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Example of using `yield', and related usages of Racket's GUI
#lang racket/gui
(define xmax 200)
(define ymax 200)
(define seconds-in-loop 3)
(define fr (new frame% [label ""]))
(define cv (new canvas% [parent fr] [min-width xmax] [min-height ymax]))
(define dc (send cv get-dc))
(send fr show #t)
; Uncomment/comment some of the following:
;parameterize ([current-eventspace (make-eventspace)])
(let loop ([n (* 10 seconds-in-loop)]
[x1 0] [y1 0] [x2 0] [y2 0])
(queue-callback (λ()(send dc draw-line x1 y1 x2 y2)))
(sleep .1)
(when (> n 0)
(loop (sub1 n) x2 y2 (random xmax) (random ymax))))
(displayln "The end.")
Note: The main thread is the GUI thread.
Results, depending on what is uncommented:
void + no-thread:
waits for the loop to finish before displaying any line,
and then prints "The end.".
Events cannot be processed because the loop is blocking the main/GUI thread.
(But actually nothing may be drawn because the canvas may be cleared too quickly.)
void + thread:
Starts the thread that displays in the canvas,
and immediately prints "The end."
The program ends when the frame is closed.
The lines can be drawn (events can be processed) because the main/GUI thread
is not blocked.
sync + thread:
Behaves like void + no-thread.
Blocks the main/GUI thread until the second thread stops.
Then all events can be processed.
yield + thread:
Displays the lines 1 at a time but waits for the loop to finish before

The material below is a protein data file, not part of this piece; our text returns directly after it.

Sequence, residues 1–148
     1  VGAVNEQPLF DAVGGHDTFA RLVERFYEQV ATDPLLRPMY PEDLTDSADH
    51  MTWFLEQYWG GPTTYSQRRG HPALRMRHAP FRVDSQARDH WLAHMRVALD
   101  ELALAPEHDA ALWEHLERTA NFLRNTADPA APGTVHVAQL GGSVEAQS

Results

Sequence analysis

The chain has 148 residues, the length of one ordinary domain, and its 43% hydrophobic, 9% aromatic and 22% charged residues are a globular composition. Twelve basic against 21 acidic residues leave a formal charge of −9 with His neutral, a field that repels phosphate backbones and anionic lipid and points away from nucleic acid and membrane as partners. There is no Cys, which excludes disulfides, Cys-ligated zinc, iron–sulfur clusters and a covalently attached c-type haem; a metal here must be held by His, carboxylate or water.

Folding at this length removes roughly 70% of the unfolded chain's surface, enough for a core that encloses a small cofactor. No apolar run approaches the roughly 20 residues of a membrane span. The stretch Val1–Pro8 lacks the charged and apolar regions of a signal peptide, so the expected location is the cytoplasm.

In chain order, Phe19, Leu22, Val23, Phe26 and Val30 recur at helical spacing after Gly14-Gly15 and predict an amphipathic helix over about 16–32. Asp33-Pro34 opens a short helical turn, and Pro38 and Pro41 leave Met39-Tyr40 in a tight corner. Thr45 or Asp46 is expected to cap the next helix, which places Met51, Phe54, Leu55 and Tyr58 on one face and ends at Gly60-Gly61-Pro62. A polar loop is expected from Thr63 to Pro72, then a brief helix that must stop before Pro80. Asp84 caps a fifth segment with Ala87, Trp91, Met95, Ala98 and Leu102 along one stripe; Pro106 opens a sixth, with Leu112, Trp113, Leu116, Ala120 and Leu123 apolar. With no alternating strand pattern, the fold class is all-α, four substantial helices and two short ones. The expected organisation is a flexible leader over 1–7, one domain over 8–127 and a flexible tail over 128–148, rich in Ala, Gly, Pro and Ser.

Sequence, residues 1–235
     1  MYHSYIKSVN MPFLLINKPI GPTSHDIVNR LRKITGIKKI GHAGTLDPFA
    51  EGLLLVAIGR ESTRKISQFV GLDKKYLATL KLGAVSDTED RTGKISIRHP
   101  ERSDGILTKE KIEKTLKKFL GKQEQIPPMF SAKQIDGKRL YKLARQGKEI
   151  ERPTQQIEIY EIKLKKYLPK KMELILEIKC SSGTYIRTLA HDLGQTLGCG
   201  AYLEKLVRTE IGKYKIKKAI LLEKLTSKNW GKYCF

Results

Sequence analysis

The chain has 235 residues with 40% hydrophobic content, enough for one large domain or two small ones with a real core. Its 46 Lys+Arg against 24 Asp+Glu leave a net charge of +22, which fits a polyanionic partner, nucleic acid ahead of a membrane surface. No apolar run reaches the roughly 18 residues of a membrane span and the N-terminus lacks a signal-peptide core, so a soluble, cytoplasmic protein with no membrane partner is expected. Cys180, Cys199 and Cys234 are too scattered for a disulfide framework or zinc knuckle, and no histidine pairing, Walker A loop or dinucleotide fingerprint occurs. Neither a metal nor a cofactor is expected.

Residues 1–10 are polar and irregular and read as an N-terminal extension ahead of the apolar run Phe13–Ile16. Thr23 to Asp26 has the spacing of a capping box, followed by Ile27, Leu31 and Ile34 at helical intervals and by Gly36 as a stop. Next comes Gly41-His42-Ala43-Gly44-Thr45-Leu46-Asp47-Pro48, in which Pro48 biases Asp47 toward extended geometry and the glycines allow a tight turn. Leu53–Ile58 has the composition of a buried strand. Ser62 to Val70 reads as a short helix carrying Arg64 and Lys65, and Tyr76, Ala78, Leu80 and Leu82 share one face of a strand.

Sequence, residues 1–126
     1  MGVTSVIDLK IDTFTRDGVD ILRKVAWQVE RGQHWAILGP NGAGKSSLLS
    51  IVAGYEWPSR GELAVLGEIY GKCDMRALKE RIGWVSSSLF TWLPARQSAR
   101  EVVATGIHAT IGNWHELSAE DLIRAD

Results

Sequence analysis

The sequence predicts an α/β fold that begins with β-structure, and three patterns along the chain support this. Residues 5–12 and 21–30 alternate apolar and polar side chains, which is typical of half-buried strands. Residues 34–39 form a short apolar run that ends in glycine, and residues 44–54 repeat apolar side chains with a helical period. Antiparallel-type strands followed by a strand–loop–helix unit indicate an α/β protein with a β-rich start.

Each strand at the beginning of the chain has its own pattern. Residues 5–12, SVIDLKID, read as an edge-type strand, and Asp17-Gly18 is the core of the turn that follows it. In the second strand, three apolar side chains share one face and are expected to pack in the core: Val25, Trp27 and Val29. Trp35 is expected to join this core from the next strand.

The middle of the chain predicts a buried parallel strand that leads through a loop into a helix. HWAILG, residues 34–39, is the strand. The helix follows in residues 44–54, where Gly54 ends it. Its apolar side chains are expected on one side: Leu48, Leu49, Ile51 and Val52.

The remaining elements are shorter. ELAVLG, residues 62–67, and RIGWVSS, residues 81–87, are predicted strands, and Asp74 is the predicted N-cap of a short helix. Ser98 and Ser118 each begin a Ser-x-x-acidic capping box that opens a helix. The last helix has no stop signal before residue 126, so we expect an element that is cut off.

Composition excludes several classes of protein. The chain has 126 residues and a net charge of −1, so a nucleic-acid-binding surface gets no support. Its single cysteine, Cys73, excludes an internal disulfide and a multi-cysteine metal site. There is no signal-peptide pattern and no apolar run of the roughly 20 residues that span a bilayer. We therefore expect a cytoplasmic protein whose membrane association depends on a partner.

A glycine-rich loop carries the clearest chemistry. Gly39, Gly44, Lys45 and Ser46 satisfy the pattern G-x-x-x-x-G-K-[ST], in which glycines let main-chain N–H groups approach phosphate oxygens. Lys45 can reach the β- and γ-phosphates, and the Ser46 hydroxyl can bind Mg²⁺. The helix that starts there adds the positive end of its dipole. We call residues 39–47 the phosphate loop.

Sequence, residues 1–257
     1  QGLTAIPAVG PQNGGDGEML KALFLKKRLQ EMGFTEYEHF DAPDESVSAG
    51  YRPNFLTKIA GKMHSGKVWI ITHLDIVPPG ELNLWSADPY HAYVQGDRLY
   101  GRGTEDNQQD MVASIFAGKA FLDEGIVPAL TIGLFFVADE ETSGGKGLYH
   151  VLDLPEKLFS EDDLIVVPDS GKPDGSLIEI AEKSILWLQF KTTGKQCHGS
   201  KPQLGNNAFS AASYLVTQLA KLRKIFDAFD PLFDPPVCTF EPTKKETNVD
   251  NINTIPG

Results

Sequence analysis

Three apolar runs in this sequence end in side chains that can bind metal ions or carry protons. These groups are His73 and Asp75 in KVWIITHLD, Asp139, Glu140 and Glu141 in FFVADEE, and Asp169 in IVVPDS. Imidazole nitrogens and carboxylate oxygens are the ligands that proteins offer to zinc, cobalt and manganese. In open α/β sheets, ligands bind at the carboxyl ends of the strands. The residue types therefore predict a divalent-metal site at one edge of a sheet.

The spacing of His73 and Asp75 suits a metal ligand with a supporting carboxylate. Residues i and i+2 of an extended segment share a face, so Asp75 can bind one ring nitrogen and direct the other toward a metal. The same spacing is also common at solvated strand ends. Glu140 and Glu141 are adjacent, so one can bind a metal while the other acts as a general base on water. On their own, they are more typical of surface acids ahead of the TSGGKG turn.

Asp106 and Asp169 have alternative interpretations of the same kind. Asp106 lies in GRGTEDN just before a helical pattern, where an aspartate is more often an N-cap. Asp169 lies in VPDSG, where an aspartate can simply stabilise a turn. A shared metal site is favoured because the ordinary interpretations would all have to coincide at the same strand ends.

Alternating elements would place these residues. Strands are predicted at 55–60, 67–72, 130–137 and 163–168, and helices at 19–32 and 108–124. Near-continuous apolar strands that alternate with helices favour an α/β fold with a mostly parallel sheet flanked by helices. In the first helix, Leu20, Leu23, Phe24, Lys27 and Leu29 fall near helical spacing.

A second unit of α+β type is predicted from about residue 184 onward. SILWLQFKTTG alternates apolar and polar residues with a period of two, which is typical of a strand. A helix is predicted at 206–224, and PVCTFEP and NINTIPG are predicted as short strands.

printing "The end.".
Blocks on the thread, but let the main/GUI thread still handle GUI events.
make-eventspace + no-thread:
Same as yield+thread, even without queue-callback.
A new eventspace and its associated thread are created.
Not sure which events go where...
#lang racket/gui
;; Eli's examples for creating several plot windows, from:
;; Cheap hack that mimics a plot window.
(define (popup title)
(define f (new frame% [label title] [min-width 100] [min-height 100]))
(define c
(new (class canvas%
(define/override (on-char e)
(when (eq? 'escape (send e get-key-code)) (send f show #f)))
[parent f]
[paint-callback (λ(c dc) (send* dc (draw-line 0 0 100 100)
(draw-line 0 100 100 0)))]))
(send f show #t))
;; Shows the original problem: no gui is done until EOF.
[#f (for ([title (in-lines (current-input-port))])
(popup title))]
;; Laurent's solution: each popup has its own eventspace; kind of
;; works, but wasting resources (each eventspace = a new thread), and
;; EOF quits and kills all windows.
[#f (for ([title (in-lines (current-input-port))])
(parameterize ([current-eventspace (make-eventspace)])
(popup title)))]
;; Naive solution: put the reading in a side thread, but since no
;; windows are generated quickly enough, it just exists.
[#f (thread (λ() (for ([title (in-lines (current-input-port))])
(popup title))))]
;; Robby's solution: like the above, but have the first read happen on
;; the main thread.
[#f (popup (read-line))
(thread (λ() (for ([title (in-lines (current-input-port))])
(popup title))))]
;; IMO this is simpler: one new thread as before, but this is for the
;; gui now (and implied by the new eventspace), but it still just
;; kills all popups on EOF for the same reason as above.
[#f (parameterize ([current-eventspace (make-eventspace)])
(for ([title (in-lines (current-input-port))])
(popup title)))]
;; Simple solution: wait for the gui to be done after reading is done.
[#f (parameterize ([current-eventspace (make-eventspace)])
(for ([title (in-lines (current-input-port))])
(popup title))
(void (sync current-eventspace)))]
;; And finally, the *usual* case where there's no main-thread
;; blocking, which is why this subject came up, will now Just Work™.
[#t (popup "Foo")])
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